Congresswoman Liz Cheney to deliver lecture at Notre Dame

U.S. Rep. Liz Cheney will visit Notre Dame on Oct. 14 to deliver a lecture on the future of democracy, according to a University press release.

Her speech, titled “Saving Democracy by Revering the Constitution,” will be held in Washington Hall at 2:30 p.m. and sponsored by the Center for Citizenship and Constitutional Government.

Cheney, who has served as Wyoming’s sole member of the House of Representatives since 2016, lost Wyoming’s Republican primary in August to Harriet Hageman, whose campaign was endorsed by former president Donald Trump.

Currently, Cheney serves as the vice chair of the January 6 Committee and is a member of the House Armed Services Committee. Previously, she served as the third-ranking Republican in the House when she was Chair of the House Republican Conference, according to her Congressional profile.

The event is free but ticketed for any students, faculty, staff or alumni of the tri-campus. Students can pick up tickets ahead of the event at the LaFortune box office, and leftover tickets will be distributed at the Washington Hall box office at 1:30 p.m. Alumni can request tickets through a form online.

The event will also be livestreamed on the center’s YouTube channel.


‘The ballot is stronger than the bullet’

“The ballot is stronger than the bullet.”

And coming from Abraham Lincoln, that must really mean something.

All jokes aside, ballots stitch our democracy together. Without them, the power of leaders would go unchecked, public interests would be sacrificed for personal gain and the government of the people, by the people, for the people would in fact perish from the Earth. You would expect such a powerful tool to have widespread adoption.

Instead, as many as 1 in 4 eligible voters are not registered. How can this be?

This is not a problem inherent in democracy, but in the United States. Most nations automatically register eligible individuals. In the U.S., however, 18 year-olds are responsible for registering themselves. Further, address, name or party affiliation changes all require registration updates, without which you can be barred from voting. This process has been simplified by the increasing availability of online registration, but over 20% of states don’t provide this option. Many states also require registration in advance of election day, sometimes up to 30 days. And if you’re a college student? Add extra time to mail your registration, be approved, mail in your request for an absentee ballot, be approved and send an absentee ballot, fill it out and mail it back before Nov. 8. Get the picture?

One organization is working to change the narrative. National Voter Registration Day is a nonpartisan movement that coordinates a push for voter registration every September. They find community partners such as libraries, companies and schools who are willing to provide places for people to register. They create content for social media and recruit influencers to explain the registration process on various platforms. News blasts on both local and national levels draw awareness to the campaign. And over 20,000 volunteers help run registration drives and initiatives. This year, the nationwide effort was led by Secretaries of State Michael Adams (R-KY) and Steve Simon (D-MN) with the collaboration of numerous organizations. One week ago, Sept. 20, was National Voter Registration Day this year. Since its inception in 2012, 4.7 million voters have registered on this holiday alone.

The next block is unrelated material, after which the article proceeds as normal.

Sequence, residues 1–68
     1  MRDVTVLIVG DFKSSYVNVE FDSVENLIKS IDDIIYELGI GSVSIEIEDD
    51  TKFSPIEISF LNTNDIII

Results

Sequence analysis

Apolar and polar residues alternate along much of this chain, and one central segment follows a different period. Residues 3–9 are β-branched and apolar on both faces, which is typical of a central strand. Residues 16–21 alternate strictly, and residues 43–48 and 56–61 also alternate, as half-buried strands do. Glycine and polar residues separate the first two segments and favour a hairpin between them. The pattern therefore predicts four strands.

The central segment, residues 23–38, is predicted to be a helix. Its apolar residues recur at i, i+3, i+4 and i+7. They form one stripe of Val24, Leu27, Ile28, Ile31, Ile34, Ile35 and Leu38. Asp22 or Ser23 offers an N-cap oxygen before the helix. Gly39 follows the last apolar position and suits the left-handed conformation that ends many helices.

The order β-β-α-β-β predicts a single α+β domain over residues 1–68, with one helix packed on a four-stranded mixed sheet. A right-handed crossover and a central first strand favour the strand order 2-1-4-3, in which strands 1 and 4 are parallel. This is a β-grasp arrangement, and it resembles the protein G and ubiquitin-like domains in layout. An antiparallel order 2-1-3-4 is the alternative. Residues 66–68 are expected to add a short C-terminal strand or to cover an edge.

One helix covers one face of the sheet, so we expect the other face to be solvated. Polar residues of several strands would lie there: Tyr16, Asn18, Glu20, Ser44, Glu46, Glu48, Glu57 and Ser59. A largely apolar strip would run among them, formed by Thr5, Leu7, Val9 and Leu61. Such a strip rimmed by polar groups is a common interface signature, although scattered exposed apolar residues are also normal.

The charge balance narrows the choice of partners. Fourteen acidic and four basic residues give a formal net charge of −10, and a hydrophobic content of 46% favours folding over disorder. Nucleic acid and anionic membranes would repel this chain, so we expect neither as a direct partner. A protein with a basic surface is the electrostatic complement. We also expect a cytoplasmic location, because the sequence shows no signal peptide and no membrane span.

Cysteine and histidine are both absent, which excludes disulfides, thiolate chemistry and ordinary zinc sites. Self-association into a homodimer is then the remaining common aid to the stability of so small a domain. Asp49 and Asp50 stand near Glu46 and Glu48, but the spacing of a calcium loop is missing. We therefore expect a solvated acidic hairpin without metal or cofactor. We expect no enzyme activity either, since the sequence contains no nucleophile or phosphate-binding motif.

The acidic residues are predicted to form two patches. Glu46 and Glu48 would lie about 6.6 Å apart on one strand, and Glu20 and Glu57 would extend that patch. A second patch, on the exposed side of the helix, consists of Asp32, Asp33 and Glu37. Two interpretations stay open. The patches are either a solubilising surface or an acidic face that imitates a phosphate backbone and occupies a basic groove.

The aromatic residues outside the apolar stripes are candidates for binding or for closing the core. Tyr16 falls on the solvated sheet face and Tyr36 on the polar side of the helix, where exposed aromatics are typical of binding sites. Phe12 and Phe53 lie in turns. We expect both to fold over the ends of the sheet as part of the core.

Even if you missed last week’s holiday, there is still time to avoid being the 1 in 4 people unable to participate in democracy. There are four main (and easier than you think!) steps to voting in college.

  1. Register! does a great job of aggregating the voting laws of every state in one location. They connect you to online registration for your state or the proper form to be mailed in. Do not delay this step! The rest of the steps require your registration to be complete (and some states have early registration deadlines).

  1. Request an absentee ballot! can once again connect you to the resources to do this. Some states allow you to do this online, while others require a paper request to be mailed in. Even though election day is in November, you need to start the process now, lest your ballot be silenced due to a missed deadline.

  1. Vote, and vote informed!

After several rounds of governmental procedures, you finally got your ballot: congrats! Now it is important for you to not only vote, but to vote informed. As former president John F. Kennedy once said, “The ignorance of one voter in a democracy impairs the security of all.” Don’t be a misinformed or uninformed voter. Your ballot has an impact that, if misused, can have dire consequences. Fortunately, there are a few ways to avoid this. First, is a fantastic resource that collects nonpartisan information on the candidates and issues on your ballot. Second, online versions of your local newspaper are another good source. (Recognize, however, that newspapers often have candidate information from explicitly partisan sources.) 

  1. Don’t forget the bottom of the ballot!

Local elections need your voice. Do you have a younger sibling? Your vote for the board of education will affect them. Do you have a family friend who owns a business? Your vote for the town manager will affect them. Do you plan on living in your hometown or state again? Your vote for town council or state representative will be affecting you and your future family’s lives. These offices, often mistaken for small and inconsequential, affect the lives of you and your loved ones directly. Research and vote for them accordingly.

Democracy’s participatory nature is quite messy, but it is the best way we know how to justly govern. However, democratic institutions cannot do this on their own. They require the time, effort and care of each one of its citizens. The buck stops with you. Will you register to vote, request an absentee ballot and make informed decisions? Or will your apathy starve our democracy? The strength of your ballot is up to you.

Audrey Feldman (’24) is majoring in Economics and Global Affairs and minoring in PPE (Philosophy, Politics, & Economics). She is a member of ND’s Write to Vote chapter.